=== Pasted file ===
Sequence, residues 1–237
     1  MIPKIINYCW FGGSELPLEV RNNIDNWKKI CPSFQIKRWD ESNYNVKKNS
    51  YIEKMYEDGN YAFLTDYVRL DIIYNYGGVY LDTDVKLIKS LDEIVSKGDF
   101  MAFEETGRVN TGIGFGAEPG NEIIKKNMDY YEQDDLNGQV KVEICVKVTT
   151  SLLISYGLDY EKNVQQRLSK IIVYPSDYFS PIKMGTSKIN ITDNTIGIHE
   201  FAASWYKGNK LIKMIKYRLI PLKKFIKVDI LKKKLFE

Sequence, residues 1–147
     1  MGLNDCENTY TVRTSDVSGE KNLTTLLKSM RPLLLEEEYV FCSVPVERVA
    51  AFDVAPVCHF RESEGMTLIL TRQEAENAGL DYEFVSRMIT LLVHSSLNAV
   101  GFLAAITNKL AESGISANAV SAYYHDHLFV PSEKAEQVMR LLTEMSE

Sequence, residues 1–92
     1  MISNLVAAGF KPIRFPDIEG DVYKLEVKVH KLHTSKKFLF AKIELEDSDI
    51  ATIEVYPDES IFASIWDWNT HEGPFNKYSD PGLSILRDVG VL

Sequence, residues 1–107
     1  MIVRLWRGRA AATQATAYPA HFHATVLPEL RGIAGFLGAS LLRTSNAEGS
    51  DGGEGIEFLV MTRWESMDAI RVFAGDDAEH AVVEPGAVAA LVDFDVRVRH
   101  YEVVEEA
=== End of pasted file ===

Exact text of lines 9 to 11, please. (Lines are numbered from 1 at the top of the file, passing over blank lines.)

    51  AFDVAPVCHF RESEGMTLIL TRQEAENAGL DYEFVSRMIT LLVHSSLNAV
   101  GFLAAITNKL AESGISANAV SAYYHDHLFV PSEKAEQVMR LLTEMSE

Sequence, residues 1–92